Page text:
During his visit to Mississippi State on Tuesday, intergalactically known astrophysicist Neil deGrasse Tyson explained to a group of students why he made public his thoughts to reclassify Pluto from a planet to a dwarf planet. Photo by: Megan Bean/MSU Public Affairs
February 16, 2011 10:31:00 AM
When Neil deGrasse Tyson isn''t writing books, researching astrophysics or appearing on television, he''s traveling around the U.S., giving lectures and speaking to America''s youth.
Tyson, the host of NOVA scienceNOW on PBS, was in Starkville Tuesday and spoke to 48 elementary and middle school students from throughout the Golden Triangle.
It is important to get students interested in science, technology, engineering and mathematics from an early age, Tyson said, not only to help facilitate improvements in technology and economic development, but also because people are more likely to secure well-paying jobs if they work in S.T.E.M.-related fields.
"If you''re not doing it for the noble reasons, at least look at the practical side," Tyson said.
The students, who hailed from Columbus Middle School, Armstrong Middle School, Starkville Academy, Starkville Christian School and Starkville Christian Home Educators, quizzed Tyson Tuesday morning at Mississippi State University''s Raspet Space Flight Research Center on Airport Road.
Columbus Middle School eighth grader Shaunase Stallings asked Tyson why he "kicked Pluto out of the solar system." As director of Hayden Planetarium at the American Museum of Natural History in New York, Tyson excluded Pluto from traditional exhibits of the solar system at the museum and wrote a book called "The Pluto Files: The Rise and Fall of America''s Favorite Planet."
Pluto is icy and much smaller than other planets in the solar system, Tyson said, and should be classified as such. As a result of Tyson''s actions and similar comments he made about Pluto on TV shows such as The Daily Show and The Colbert Report, the astrophysicist Tuesday said he has received "hate mail from third-graders, in crayon."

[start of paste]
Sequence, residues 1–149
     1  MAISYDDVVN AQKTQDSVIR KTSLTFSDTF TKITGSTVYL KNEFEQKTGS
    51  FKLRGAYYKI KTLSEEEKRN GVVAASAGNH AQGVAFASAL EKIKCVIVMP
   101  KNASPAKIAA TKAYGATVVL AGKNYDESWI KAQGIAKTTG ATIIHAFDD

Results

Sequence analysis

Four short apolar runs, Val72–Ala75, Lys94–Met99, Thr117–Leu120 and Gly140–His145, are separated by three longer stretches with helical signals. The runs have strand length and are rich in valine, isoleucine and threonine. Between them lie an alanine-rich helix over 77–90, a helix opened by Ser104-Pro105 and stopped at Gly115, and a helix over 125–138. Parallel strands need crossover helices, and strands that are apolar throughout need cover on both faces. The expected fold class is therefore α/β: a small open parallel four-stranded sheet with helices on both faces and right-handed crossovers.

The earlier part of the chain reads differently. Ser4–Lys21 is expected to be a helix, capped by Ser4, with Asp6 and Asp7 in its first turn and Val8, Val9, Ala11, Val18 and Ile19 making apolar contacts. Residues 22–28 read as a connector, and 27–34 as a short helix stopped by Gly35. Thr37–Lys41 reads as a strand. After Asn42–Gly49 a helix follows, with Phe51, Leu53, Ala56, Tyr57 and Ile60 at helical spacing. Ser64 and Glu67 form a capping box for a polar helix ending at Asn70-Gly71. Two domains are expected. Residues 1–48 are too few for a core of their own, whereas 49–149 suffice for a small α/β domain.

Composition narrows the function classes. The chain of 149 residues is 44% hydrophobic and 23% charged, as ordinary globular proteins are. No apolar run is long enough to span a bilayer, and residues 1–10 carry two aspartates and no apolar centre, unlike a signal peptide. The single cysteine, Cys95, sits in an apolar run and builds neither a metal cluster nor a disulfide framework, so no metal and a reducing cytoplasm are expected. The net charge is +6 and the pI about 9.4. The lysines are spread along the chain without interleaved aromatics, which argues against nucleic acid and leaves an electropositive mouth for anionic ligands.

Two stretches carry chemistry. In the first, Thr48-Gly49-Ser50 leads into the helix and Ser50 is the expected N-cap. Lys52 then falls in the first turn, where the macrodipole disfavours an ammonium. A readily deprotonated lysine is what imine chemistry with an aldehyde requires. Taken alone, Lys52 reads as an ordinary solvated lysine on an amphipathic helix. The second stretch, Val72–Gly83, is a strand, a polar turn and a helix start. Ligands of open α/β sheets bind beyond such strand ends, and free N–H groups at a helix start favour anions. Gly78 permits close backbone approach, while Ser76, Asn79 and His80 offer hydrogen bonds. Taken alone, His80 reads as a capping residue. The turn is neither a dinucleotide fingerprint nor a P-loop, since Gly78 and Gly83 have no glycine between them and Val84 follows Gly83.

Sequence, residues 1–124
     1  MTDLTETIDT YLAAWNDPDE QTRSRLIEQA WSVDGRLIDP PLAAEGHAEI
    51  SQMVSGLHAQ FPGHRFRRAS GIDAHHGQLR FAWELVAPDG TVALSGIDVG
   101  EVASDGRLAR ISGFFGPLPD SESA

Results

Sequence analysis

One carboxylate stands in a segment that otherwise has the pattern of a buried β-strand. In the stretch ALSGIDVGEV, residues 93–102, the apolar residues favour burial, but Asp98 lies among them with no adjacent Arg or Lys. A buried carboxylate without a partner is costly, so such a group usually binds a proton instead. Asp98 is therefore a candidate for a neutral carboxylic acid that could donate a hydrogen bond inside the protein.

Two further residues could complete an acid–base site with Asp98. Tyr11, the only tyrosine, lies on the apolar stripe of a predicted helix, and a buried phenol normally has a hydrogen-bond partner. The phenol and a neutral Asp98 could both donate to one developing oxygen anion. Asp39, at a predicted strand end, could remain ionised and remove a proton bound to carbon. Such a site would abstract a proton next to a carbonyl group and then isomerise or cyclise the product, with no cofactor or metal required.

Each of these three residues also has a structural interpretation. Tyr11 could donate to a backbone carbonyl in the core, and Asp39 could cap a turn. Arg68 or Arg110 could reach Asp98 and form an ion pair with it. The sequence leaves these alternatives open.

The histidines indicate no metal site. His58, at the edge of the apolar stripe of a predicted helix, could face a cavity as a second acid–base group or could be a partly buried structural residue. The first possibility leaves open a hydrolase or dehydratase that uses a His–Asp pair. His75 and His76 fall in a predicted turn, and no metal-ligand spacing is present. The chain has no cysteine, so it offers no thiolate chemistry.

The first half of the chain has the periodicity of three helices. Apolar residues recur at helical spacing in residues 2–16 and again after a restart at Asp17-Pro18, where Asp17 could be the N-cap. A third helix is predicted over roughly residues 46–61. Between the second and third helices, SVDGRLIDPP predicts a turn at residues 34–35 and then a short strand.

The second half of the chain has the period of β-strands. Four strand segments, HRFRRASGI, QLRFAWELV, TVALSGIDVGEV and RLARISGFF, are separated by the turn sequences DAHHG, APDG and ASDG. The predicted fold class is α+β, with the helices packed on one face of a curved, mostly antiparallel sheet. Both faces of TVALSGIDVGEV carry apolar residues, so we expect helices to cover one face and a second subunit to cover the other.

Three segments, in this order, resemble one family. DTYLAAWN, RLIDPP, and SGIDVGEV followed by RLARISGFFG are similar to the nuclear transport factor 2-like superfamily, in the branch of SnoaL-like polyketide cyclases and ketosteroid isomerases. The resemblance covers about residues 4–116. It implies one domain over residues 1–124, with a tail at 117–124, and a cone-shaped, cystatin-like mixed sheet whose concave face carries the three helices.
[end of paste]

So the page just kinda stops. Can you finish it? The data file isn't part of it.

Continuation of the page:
"We didn''t lose a planet," he reassured the group from Starkville and Columbus. "Don''t think of it that way. Think of it as we gained a new understanding of the outer solar system."
Armstrong Middle School eighth-grader Flannery Voges-Haupt asked Tyson about the "big bounce" theory, which hypothesizes that the universe is cyclical, as opposed to the "big bang." Tyson said there is evidence to support the big bang, but no data exists to support the big bounce.
Voges-Haupt said she enjoyed Tyson''s talk and the subsequent activities, during which students launched straw rockets, balloon helicopters and paper airplanes.
"I think they''re very challenging," she said. "They make your creative problem-solving work."
Fellow Armstrong eighth-grader Michael Sullivan, who asked two questions, including one on the Sombrero Galaxy in the Virgo constellation, also enjoyed the day''s activities.
"They''re really fun," Sullivan said. "It''s a great introduction to all of this."
Eric Heiselt, director of student outreach programs at MSU''s Bagley College of Engineering, helped organize the event and said it was an effort to give local youth an informal education outside of the traditional classroom setting.
"This will create a memory in a different way than in the classroom," said Heiselt, who also is running for a seat on the Starkville School District board of trustees.
After the event at Raspet, Tyson spent the day in Starkville and then spoke at MSU Tuesday night.
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